WE'RE incredibly lucky to have such a variety of fresh fish and seafood readily available to us in UK waters. Plaice is a longstanding favourite and staple of British cuisine with the UK being one of its biggest consumers - in Victorian times up to 30 million were sold each year at Billingsgate Market in London!

Because of this plaice was, and still is, over-fished so try and look for sustainable sources if possible.

Plaice's enduring popularity has also proved to be its downfall in terms of its gastronomical status – a plentiful and relatively cheap supply meant it was often the only fish on the menu at home or in cafes and pubs, whether battered, breaded or generally overcooked.

You can also sometimes find plaice on the menu in chippys, served up with the customary chips and mushy peas. Its humble status means plaice is often overlooked in culinary circles but I've always been a big fan.

Now is a great time to buy British plaice with its peak season being summer through to mid-winter (outside the spawning season) when it is generally fleshier and tastier.

When buying plaice, look for the bright orange spots on the skin and clear, bright eyes (if buying whole) which are signs of fresh fish. It's also advisable to eat it as fresh as possible because the delicate flavour quickly fades.

Plaice is a lovely versatile fish with a tender and moist texture and sweet yet subtle flavour. This makes it suitable for a variety of cooking methods and also means it can take sauces and strong flavours well.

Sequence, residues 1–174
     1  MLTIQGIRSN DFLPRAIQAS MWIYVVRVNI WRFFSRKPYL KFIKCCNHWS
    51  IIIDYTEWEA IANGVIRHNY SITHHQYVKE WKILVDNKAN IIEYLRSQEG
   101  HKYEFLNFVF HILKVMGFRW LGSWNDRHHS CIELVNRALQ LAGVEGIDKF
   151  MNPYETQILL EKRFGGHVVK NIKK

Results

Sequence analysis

However, whether grilling, baking, poaching or frying, it only takes minutes to cook otherwise the flavour and texture are ruined.

As with other white fish, plaice is high in protein and low in fat and calories as well as being inexpensive and tasty. This makes it perfect for a midweek family dinner or you can jazz it up with a zingy sauce for a lovely weekend treat.

Plaice with Prawns, Capers and White Wine

Ingredients (serves 2)

1 large fillet or plaice or 2 smaller fillets

150ml white wine

50g prawns

25g butter

4 spring onions, sliced

1 tsp. capers

Juice of ½ lemon

Flat leaf parsley

Olive oil

Salt and pepper

Drizzle the fish with olive oil and season with a little salt and pepper.

In a saucepan, melt the butter and add the spring onions and white wine. Allow to simmer for a few minutes until the liquid has reduced by a third and thickened slightly.

Meanwhile, heat a large, dry, non-stick frying pan until smoking hot. Cook the plaice skin-side up for three minutes before turning over and removing the pan from the heat. Allow to rest in the pan for a further 3-5 minutes.

Add the prawns, lemon juice, capers and parsley to the wine and onions in the saucepan and stir for a couple of minutes until warmed through.

To serve, plate up the plaice and spoon the sauce over the top.